Honestly I can't imagine how wonderful it will be when death is a forgotten memory, but I do look forward to that day....

"Then death and Hades were thrown into the lake of fire. The lake of fire is the second death.....(and) He will wipe every tear from their eyes. There will be no more death’ or mourning or crying or pain, for the old order of things has passed away.” -Rev. 20:14, 21:4

Friday, March 15, 2013


We got to attend our grandson George's baseball practice last night.  What a great time with a wonderful boy!


"A legacy is not about what you have accomplished or the possessions you have accumulated.   A true legacy, a worthwhile legacy...a lasting legacy is about the people you have loved and invested your life in."

Thursday, March 14, 2013

Never afraid

This morning, as I read Psalms, it struck me that one of the core problems all of us deal with is fear.  It's a dominant prayer issue for the authors of the book of Psalms. We each, in an honest moment, will confess times of fear.  Fear about our jobs, money, family, our health, and a hundred other things that cause us worry.  But it struck me, as I thought about the passages I read and my own life, there was one  who was never afraid!

Never afraid.  Imagine that.  I've never known someone like that in my life, never seen someone who didn't know fear.  But there was one who was never afraid.  Here's one of the stories about this man,

"That day when evening came, Jesus said to his disciples, “Let us go over to the other side.” Leaving the crowd behind, they took him along, just as he was, in the boat. There were also other boats with him. A furious squall came up, and the waves broke over the boat, so that it was nearly swamped.  Jesus was in the stern, sleeping on a cushion. The disciples woke him and said to him, “Teacher, don’t you care if we drown?”..."  -Mark 4

This story is fascinating to me.  In the midst of a storm that would worry any man Jesus was asleep!  How could he be asleep? How could he not be worrying with the rest of his men?  Didn't he care what would happen?  That's the question they asked him....."don't you care?"  But that's not the right question.

Jesus responded with the right question in the verses that follow when he asked, "Guys, where's your faith?"  What a thing to ask?  Didn't you see the storm? Didn't you notice we were sinking?  

Who wouldn't be afraid?  That's the first question we have to ask and following that is this- WHY didn't he fear?  What did he know that we don't?  What was different about Jesus?  AND, most important to do I discover that in my own life?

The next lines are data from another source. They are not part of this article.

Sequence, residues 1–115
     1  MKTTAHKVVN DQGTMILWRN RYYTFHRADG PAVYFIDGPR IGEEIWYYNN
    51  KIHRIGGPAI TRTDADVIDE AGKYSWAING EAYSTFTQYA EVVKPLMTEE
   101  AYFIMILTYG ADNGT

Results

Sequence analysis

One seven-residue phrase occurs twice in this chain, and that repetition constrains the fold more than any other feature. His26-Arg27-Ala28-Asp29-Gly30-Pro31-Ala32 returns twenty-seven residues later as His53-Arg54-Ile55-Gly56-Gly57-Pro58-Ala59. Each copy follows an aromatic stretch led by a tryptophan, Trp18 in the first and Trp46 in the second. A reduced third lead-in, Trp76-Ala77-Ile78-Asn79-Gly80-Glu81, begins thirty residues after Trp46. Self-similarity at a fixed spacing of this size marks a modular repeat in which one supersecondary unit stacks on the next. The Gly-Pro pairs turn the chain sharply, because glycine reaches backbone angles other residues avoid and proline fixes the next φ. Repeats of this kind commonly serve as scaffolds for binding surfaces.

To answer those questions I think about what Jesus taught.  All through his teachings were the answers to these very basic questions.  Core to them all are these fundamentals,

1. We have a BIG God!  He really is all powerful.
2. He cares about us, in fact he says he loves us.
3. Not only is he able to meet our needs but he wants to.
4. He has a plan for our lives and we are safe in his hands.

Jesus KNEW these things, he lived them out.  It starts with a big God, the one who made everything.  The root problem for many of us is we live our lives with a little god....our little god loves us, but he's just not able to do much...he would if he could.

Jesus knew the God who made the Universe and holds it together.  (In fact, he is God!)

If God is big.  If he cares about me. If he is willing and able to help me. And, if he is in charge of my life then why would I ever worry?  Why would I ever be afraid again?  

Those are some questions I'm working on this morning.

Tuesday, March 12, 2013


I've been thinking about the clutter of my life...the things that are around me that I bought or gathered to make life easier. It seems to have actually made my life harder!

How is it possible that things accumulated over time can actually make life harder?  It's the clutter of things that most of us try to maintain, that most of us really enjoy, and yet I'm realizing that my clutter has become my burden as well...all the stuff I have gathered now has taken over my life.  

This week, in one of the groups I lead, we talked about avarice.  Most of the guys had never heard the word before but it has to do with the desire for things.  And yet, with the accumulation of all those things we find life harder, more difficult.  I thought about it this morning and realized we have boxes in our garage that haven't been opened since we moved into this house more than 14 years ago!  Why do we keep them? What's in them?  What clutter is hiding there for us to discover anew?

All this to think about the challenge of our discussion...the challenge to "deaccumulate" our lives.  I wonder how much of the stuff of my life I could actually do without? I wonder how many things I really "need"?  What could I live without?